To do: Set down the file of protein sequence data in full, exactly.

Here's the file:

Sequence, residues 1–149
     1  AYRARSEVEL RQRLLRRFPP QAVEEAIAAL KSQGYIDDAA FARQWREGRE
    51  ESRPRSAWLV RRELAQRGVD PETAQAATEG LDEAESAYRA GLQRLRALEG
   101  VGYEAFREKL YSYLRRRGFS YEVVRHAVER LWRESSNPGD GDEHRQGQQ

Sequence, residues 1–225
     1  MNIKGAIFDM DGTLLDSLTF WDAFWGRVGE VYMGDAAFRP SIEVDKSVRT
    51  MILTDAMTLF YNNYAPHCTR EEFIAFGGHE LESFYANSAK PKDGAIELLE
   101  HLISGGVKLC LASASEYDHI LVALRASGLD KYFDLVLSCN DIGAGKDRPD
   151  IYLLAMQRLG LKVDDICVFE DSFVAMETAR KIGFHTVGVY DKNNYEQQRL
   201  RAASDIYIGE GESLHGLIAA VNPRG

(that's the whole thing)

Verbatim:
Sequence, residues 1–149
     1  AYRARSEVEL RQRLLRRFPP QAVEEAIAAL KSQGYIDDAA FARQWREGRE
    51  ESRPRSAWLV RRELAQRGVD PETAQAATEG LDEAESAYRA GLQRLRALEG
   101  VGYEAFREKL YSYLRRRGFS YEVVRHAVER LWRESSNPGD GDEHRQGQQ

Sequence, residues 1–225
     1  MNIKGAIFDM DGTLLDSLTF WDAFWGRVGE VYMGDAAFRP SIEVDKSVRT
    51  MILTDAMTLF YNNYAPHCTR EEFIAFGGHE LESFYANSAK PKDGAIELLE
   101  HLISGGVKLC LASASEYDHI LVALRASGLD KYFDLVLSCN DIGAGKDRPD
   151  IYLLAMQRLG LKVDDICVFE DSFVAMETAR KIGFHTVGVY DKNNYEQQRL
   201  RAASDIYIGE GESLHGLIAA VNPRG